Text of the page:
New York Philharmonic Trumpeter Ethan Bensdorf, on Practice

Ethan Bensdorf, NY Philharmonic trumpeter

You have to be beyond your instrument and hear, really hear what comes out the other end. If you’re just practicing for the sake of practicing, for getting better, that’s part of it, but also you have to hear what you’re practicing. You have to be a completely active listener while you practice.
~Ethan Bensdorf, from the interview

Ethan Bensdorf is one of the many stellar musicians I interviewed for my next book The Practice of Practice. The Kickstarter campaign for the book is LIVE, through April 11, 2014. Get the book at a reduced price and help to bring it into the world. Learn more here.

NY Philharmonic trumpeter Ethan Bensdorf is a superb classical trumpet player. We talked over the phone and he told the story of how he landed the gig with the New York Philharmonic, playing with principal trumpet legend Mr. Phillip Smith, including a week spent getting his chops together on the rotary valve trumpet before heading back to New York for another round of final auditions. Ethan also shared his thoughts about practice and had a lot of great things to say. Thanks for sharing all this great information, Ethan!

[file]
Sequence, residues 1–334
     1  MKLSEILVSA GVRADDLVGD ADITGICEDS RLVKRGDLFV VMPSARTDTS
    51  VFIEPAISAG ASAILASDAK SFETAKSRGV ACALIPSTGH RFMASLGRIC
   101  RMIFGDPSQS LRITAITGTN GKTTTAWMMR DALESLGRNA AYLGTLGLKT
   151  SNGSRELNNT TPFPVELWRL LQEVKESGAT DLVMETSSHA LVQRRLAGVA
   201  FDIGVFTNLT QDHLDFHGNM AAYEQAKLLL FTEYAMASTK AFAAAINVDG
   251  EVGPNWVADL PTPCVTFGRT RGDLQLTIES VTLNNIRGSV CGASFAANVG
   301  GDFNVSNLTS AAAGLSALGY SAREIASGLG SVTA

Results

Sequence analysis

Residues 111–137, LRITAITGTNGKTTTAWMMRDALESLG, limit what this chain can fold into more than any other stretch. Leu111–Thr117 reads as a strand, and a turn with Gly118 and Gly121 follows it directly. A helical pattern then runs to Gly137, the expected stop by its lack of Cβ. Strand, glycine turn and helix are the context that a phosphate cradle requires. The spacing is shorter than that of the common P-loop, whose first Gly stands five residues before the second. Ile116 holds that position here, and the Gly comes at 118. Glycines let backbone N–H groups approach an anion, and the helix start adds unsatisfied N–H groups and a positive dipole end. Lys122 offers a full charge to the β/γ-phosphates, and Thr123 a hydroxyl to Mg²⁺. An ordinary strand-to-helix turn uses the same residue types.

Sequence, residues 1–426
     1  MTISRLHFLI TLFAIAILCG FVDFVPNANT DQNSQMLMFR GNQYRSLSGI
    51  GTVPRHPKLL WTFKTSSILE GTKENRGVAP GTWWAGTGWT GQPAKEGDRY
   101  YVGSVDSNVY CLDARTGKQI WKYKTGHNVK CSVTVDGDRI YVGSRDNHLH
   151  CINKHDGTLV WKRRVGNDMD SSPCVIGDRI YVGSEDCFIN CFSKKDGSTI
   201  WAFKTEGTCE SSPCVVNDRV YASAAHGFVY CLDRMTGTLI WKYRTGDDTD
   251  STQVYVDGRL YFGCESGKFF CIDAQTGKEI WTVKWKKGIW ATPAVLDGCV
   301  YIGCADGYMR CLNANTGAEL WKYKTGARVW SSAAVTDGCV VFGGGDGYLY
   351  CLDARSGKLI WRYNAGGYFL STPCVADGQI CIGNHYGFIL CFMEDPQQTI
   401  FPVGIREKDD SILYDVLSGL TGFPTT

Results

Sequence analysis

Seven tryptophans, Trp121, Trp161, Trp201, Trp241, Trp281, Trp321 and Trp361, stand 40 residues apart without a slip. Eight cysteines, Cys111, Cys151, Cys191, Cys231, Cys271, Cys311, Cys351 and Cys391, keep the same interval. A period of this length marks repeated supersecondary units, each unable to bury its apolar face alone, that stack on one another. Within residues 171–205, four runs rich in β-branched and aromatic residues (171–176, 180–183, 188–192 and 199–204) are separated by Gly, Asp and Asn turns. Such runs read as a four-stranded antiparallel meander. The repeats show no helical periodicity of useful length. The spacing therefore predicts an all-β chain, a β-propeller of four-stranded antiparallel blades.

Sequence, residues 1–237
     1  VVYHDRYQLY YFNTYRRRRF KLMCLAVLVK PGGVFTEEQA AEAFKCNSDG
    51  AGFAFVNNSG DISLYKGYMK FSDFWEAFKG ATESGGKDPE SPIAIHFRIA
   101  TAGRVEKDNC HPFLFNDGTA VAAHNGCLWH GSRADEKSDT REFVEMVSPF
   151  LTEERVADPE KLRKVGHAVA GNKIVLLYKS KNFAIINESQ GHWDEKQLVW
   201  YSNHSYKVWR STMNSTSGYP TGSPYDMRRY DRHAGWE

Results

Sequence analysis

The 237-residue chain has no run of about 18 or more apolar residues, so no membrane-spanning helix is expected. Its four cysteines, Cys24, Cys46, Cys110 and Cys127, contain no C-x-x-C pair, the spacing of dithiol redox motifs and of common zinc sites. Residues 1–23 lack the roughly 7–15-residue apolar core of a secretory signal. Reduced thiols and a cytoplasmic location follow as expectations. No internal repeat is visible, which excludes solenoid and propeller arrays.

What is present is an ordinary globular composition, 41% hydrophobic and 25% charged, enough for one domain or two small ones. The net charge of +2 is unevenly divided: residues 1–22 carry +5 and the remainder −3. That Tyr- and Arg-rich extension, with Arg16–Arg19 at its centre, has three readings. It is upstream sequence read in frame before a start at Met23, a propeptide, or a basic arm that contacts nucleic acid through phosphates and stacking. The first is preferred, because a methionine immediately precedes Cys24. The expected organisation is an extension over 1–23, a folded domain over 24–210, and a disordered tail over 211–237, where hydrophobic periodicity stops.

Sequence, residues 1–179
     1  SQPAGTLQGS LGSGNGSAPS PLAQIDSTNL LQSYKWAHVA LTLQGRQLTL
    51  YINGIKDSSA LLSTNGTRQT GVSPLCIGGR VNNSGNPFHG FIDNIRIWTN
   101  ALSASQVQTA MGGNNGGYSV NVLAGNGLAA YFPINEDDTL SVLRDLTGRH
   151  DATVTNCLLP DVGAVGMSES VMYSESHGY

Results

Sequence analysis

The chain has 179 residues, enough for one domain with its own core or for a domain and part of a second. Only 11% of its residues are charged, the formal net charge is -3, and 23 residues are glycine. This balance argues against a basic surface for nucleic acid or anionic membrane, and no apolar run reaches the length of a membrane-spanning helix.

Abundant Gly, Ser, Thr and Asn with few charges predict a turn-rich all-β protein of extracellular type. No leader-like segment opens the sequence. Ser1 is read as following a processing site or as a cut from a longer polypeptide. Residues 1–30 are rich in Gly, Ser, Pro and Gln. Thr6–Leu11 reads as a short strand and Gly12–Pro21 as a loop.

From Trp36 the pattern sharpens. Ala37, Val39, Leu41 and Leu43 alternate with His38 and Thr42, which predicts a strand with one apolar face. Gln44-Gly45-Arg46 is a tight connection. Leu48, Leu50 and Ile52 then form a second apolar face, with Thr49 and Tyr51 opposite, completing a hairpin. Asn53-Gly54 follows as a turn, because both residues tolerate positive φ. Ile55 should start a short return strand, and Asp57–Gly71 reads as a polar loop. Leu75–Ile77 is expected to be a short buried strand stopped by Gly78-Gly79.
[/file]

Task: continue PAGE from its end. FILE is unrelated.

Hope you enjoy.

Ethan Bensdorf on practice (mp3)

People, Music and Other Things from the Interview

Upcoming Interviews:

3 thoughts on “New York Philharmonic Trumpeter Ethan Bensdorf, on Practice

  1. I’m a trumpet player as well, currently doing my Masters at New England Conservatory. Although I’ve only met Ethan very briefly one time while visiting Northwestern, I’ve always idolized him since I too studied with Bruce Daugherty while growing up in Chicago. It’s so great to see how far he’s come as a professional, and thanks so much for conducting this interview. It’s given me even more inspiration and has reinforced and introduced a lot of helpful concepts on how to practice.

    1. Thanks for the comment, Allen. It was valuable to hear from Ethan for me, too, especially the way that he’s still working to figure out what works best. That’s really inspirational to me. And you’re lucky to not be in Chicago at the moment. Seven in the morning and already 87 degrees!

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